I spent much of today at the annual conference of ASIFMA, a trade body for over 100 banks, asset managers and traders in Asia, being held for the first time in Tokyo. And the themes of the big panels as well as the conversations over coffee surprised me, to be honest.
Yes, there was plenty of talk about the US-China trade war and whether the current global slowdown will turn into an actual recession. There were discussions too about the challenges of digitalisation and how to react to changes in regulation.
But what really seemed to be exercising the delegates, whether from the buy or sell side, were social and political issues: the rise of populism; questions of equity and inclusion; how wealth could and, perhaps, should be redistributed; and whether people and countries will in future be “open” or closed” rather than “left” or “right”.
Of course, these questions have been around for a while: since the global financial crisis and certainly since the election of Donald Trump and the ascent of other, national strongmen. Still, it strikes me as relatively novel that chief economists from banks such as Goldman Sachs, Nomura and CICC are thinking about such existential issues and not just the next tweak to GDP estimates.
And their conclusions? At the risk of vastly oversimplifying, inequality and, hence, populism are here to stay. Meanwhile, the classical tools developed by policymakers and the financial industry are patently failing to solve these challenges. The obvious example here is monetary policy. Lowering interest rates, often into negative territory, has not stimulated much economic growth; but it has cut into the nest eggs and pensions of many, often older, savers, who are now helping to put (and keep) Trump and his ilk in power.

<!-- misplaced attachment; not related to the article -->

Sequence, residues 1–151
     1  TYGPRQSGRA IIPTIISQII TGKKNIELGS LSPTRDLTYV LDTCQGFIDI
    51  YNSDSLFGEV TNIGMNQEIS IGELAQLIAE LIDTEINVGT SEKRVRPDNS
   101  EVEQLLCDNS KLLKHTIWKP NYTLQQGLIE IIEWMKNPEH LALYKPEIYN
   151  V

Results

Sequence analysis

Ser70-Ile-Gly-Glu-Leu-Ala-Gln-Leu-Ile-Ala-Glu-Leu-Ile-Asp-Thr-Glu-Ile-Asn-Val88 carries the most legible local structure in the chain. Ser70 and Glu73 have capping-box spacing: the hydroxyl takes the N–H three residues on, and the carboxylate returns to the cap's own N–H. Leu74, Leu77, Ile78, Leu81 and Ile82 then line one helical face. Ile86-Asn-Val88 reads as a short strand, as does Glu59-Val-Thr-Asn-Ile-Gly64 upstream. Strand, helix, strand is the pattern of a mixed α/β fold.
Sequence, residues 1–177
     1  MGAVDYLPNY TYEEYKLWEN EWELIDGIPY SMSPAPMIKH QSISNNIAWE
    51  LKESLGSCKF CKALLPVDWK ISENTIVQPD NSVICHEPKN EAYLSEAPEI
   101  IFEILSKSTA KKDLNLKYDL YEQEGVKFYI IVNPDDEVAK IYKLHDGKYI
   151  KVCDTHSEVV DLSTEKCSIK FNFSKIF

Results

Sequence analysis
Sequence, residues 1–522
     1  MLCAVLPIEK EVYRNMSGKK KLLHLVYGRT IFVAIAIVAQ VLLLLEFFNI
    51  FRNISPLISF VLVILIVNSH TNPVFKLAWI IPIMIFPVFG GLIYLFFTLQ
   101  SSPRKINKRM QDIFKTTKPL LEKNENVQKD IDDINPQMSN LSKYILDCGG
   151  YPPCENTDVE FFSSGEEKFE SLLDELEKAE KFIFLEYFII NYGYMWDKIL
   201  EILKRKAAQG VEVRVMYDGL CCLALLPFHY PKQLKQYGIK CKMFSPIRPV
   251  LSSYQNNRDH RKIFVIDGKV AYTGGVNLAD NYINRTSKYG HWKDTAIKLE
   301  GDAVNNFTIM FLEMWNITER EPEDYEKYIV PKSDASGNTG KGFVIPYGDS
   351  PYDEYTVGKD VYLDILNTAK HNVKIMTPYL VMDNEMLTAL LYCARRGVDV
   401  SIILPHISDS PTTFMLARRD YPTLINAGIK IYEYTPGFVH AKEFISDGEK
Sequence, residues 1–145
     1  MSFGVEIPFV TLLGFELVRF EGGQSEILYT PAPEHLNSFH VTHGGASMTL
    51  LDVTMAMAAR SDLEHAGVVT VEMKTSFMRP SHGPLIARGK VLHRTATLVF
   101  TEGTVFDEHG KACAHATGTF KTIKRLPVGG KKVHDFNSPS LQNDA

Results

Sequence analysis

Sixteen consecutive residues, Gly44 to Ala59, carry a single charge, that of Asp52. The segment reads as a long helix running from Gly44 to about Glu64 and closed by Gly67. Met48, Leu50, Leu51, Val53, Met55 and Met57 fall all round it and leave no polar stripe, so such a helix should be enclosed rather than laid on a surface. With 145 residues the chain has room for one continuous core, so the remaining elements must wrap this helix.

The populist leaders, in turn, are pushing their countries into becoming increasingly “closed” societies, hostile to immigration and trade. Tragically, this only further destroys jobs and wealth, increasing already historically extreme levels of inequality; and it threatens to divide the world into potentially hostile zones of influence, reminiscent of the Cold War or Europe on the brink of World War One.
Unless a sudden and sustained surge in global growth bails us all out, this could end in tears as the more disenfranchised elements of the 99% force a redistribution of wealth in their favour – with accompanying levels of violence that will make the current protests in Hong Kong look like child’s play.
My conclusion is that while it is encouraging that the bankers and their economists are worrying about these issues, they are right to be worried. The analysis is spot on. Crafting solutions is going to be much, much harder.